In addition, Vodafone aims to lead the industry through innovative technology and service development and as such, its main objective is to increase its market share within the mobile and data services sectors of the telecommunications industry. The company is the third largest telecommunications carrier in Australia6, with its business predominantly in mobile retail and services with some dealings in data services. It is a subsidiary of the UK based parent firm, Vodafone Group Plc, and has had a presence within Australia since 1992 with a network investment worth over $2.
7 billion7. Headed by managing director, Grahame Maher, Vodafone Australia once boasted 12 000 retail points of sale8. Vodafone Australia's strengths include its ability to provide innovative products and its expertise in wireless technology, both of which are considered competitive advantages in such a dynamic industry9. In addition, it effectively uses widespread advertising to target different markets 10 and is the largest carrier in the world11 with operations in over 28 countries, meaning that is also possesses experience and skills in international settings (see appendix 6).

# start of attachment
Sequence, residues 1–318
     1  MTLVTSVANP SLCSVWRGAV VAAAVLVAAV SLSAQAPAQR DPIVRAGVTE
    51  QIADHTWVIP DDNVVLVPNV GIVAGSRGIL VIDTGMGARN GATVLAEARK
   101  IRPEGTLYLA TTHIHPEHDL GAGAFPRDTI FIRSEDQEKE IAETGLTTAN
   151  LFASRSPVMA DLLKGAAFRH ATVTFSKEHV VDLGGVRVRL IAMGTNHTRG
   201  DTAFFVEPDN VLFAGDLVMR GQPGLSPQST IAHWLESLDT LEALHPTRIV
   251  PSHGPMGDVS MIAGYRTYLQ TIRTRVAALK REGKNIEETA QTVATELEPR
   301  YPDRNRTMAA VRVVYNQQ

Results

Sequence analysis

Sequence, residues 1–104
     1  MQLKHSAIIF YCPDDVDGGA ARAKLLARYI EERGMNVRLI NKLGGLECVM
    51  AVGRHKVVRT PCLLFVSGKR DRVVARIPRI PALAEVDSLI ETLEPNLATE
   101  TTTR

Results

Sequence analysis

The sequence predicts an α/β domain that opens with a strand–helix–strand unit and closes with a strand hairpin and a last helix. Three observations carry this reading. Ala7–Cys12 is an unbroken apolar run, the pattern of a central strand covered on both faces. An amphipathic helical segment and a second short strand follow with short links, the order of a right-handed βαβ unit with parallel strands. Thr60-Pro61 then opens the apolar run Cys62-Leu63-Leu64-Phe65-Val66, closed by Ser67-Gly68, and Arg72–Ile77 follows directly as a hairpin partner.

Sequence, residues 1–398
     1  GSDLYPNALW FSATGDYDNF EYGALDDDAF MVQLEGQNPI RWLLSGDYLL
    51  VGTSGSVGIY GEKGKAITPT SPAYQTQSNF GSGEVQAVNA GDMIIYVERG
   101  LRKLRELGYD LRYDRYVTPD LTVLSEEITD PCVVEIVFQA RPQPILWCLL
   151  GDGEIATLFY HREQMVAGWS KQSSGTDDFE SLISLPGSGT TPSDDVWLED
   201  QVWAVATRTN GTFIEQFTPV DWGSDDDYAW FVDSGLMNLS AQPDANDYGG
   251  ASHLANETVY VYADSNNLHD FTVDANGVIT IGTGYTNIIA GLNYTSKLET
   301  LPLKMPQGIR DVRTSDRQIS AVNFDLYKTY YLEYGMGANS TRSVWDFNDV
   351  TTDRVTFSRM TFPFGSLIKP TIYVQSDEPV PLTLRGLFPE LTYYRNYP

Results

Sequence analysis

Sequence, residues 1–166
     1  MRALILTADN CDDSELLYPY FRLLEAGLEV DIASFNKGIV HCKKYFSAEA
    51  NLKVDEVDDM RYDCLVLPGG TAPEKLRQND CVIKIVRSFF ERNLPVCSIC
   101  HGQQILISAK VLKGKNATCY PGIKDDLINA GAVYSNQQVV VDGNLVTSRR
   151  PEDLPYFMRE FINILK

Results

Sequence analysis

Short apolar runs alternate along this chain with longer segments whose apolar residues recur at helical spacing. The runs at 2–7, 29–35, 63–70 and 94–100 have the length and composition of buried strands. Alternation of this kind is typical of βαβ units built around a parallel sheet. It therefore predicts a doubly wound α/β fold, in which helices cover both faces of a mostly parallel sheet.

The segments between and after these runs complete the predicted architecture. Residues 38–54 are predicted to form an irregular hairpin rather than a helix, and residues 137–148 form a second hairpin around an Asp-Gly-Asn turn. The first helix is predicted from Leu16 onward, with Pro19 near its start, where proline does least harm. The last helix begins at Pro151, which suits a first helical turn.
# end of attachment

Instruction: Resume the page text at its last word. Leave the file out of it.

These organizational strengths allow the company to exploit potential business opportunities such as an expansion of wireless communications on a global scale (see appendix 6). Here, wireless office solutions provide mobile voice/data services to business customers who possess great revenue potential in the wake of increasing globalization so that even small and medium firms require more sophisticated communications systems to operate in international markets. Other opportunities include the emergence of new technologies, in particular the 3G networks, to provide new mobile telecommunications products and services.
However in spite of these opportunities, Vodafone is facing financial distress due to its company flaws and threats (see appendix 6). The major weakness of Vodafone is its poor financial position. This can be attributed to its flat revenues 12, low rates of new customer generation (in the March quarter 2002 only 24,000 new customers signed up compared to a budgeted 350,000 customers)13 and falling market share from 20% to 17% in the last 2 years14. Furthermore, attention has been given to its poor customer service15.
These factors make way for external threats to penetrate company operations. These include Mobile Number Portability (MNP) which lowers switching costs between carriers and as such decreases customer loyalty16 and the rivalry of existing competitors. The latter could counteract Vodafone's strength of providing continuous innovations, as competitors may also follow this strategy to make the benefits of introducing new products short lived17. Another threat comes from consumers becoming increasingly more price sensitive, as they are not willing to pay for the benefits of new technology18.